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|Title:||Dioxygen activation in enzymatic systems and in inorganic models||Authors:||Babcock, Gerald
|Issue Date:||1996||Publisher:||Elsevier||Source:||Inorganica chimica acta, 1996, Volume 243, Issues 1–2, Pages 345–353||Abstract:||Cytochrome oxidase reduces O 2 to water quickly and with low overpotential. In addition, it uses the exergonicity of this reaction to pump protons against their thermodynamic gradient, thus contributing directly to the chemiosmotic potential that is used to synthesize ATP. In recent work, we have developed means by which to use time-resolved resonance Raman to study transient heme iron-bound oxygen intermediates that occur during the reduction of O 2 by cytochrome oxidase. Thus far, five different oxygen isotope sensitive modes have been observed; the temporal behavior of each during the reaction sequence has been characterized roughly. By combining the structure-specific vibrational results with optical data from other labs on the same reaction, we have constructed an overall working model for the dioxygen reduction reaction and have calculated concentration/time profiles for key intermediates. As opposed to most O 2 metabolizing enzymes, these calculations indicate that the oxidase/O 2 reaction is under proton control, which allows transient intermediates to build to detectable concentrations. We have linked this behavior to the proton-pump function of the enzyme and have postulated that proton control allows tight coupling between the oxygen chemistry and the proton translocations it drives. Recent findings from several laboratories have shown that a direct connection can be made between the intermediates that occur during oxygen reduction by fully reduced and mixed-valence oxidase and in its reaction with peroxide. This requires a branching reaction at the peroxide level in the reaction sequence. This modification to the mechanism is presented. In this article, these findings are reviewed and the mechanism by which O 2 reduction is catalyzed by cytochrome oxidase is compared and contrasted with other O 2-metabolizing heme enzymes. The continuing importance of vibrational spectroscopic approaches that rely on stable isotope substitution for mode identification is highlighted by reviewing recent developments in other laboratories on O 2 activation in the non-heme iron class of oxygen-metabolizing enzymes. This group of catalysts includes ribonucleotide reductase, methane monooxygenase, and fatty acid Δ 9-desaturase and has been recognized as a distinct, oxygen-metabolizing enzyme class only recently. Finally, recent inorganic model compound work on O 2 activation is briefly summarized||URI:||http://ktisis.cut.ac.cy/handle/10488/6651||ISSN:||00201693||DOI:||10.1016/0020-1693(96)04925-0||Rights:||© 1996 Elsevier Science S.A. All rights reserved|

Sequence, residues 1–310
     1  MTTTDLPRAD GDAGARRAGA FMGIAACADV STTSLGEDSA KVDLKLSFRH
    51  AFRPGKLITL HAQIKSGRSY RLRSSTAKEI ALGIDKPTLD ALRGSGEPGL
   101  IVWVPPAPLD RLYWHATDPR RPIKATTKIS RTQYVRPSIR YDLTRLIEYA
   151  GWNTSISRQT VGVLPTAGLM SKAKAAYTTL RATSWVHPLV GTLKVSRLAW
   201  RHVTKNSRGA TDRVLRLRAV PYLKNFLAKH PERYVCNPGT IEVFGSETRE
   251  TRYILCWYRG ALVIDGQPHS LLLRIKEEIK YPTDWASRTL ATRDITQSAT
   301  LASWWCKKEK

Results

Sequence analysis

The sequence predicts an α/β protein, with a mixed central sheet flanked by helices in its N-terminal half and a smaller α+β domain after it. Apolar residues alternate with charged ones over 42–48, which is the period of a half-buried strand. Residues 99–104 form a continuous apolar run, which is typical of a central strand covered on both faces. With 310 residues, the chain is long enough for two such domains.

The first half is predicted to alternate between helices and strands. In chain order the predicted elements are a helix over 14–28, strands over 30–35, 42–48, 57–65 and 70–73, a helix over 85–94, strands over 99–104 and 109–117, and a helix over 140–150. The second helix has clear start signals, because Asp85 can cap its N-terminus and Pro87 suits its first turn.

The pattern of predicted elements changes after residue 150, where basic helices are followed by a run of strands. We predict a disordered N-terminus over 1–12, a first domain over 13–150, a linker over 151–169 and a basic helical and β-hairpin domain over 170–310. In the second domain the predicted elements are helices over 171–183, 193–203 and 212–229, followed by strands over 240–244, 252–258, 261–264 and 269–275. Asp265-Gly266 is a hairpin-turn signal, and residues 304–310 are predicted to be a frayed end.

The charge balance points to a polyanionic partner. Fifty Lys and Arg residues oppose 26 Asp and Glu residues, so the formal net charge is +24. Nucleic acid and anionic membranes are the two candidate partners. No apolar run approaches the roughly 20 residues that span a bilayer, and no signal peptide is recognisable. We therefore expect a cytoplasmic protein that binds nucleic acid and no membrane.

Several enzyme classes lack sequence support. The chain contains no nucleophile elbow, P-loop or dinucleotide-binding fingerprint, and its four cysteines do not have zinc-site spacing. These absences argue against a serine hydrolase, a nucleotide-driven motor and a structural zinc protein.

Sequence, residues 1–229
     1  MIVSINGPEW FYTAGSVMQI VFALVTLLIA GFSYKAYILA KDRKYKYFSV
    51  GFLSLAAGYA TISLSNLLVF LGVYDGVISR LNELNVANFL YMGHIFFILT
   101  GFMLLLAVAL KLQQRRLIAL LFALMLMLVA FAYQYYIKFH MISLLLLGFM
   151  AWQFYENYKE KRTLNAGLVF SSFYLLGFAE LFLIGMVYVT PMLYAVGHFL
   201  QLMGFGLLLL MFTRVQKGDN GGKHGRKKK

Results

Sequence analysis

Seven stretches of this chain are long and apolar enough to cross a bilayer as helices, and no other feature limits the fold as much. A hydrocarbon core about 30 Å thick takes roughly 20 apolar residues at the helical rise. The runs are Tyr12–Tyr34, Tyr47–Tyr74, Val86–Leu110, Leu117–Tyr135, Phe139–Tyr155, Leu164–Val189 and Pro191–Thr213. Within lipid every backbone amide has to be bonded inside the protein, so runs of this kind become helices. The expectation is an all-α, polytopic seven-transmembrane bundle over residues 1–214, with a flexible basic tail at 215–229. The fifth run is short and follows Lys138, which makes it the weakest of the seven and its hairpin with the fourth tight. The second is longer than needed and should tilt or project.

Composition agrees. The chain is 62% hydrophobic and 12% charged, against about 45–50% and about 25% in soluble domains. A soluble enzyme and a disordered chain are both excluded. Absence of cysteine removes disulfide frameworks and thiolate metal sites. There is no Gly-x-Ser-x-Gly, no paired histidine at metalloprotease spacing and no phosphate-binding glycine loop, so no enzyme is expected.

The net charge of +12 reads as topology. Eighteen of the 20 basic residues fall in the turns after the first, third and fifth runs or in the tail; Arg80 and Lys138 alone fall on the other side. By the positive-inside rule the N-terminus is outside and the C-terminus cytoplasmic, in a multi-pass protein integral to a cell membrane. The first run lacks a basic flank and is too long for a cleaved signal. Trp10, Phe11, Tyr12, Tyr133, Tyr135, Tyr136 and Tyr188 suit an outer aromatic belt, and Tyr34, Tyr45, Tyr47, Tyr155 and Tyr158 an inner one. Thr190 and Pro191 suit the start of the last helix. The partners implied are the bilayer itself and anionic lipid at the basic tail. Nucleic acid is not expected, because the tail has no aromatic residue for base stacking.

|Appears in Collections:||Άρθρα/Articles|
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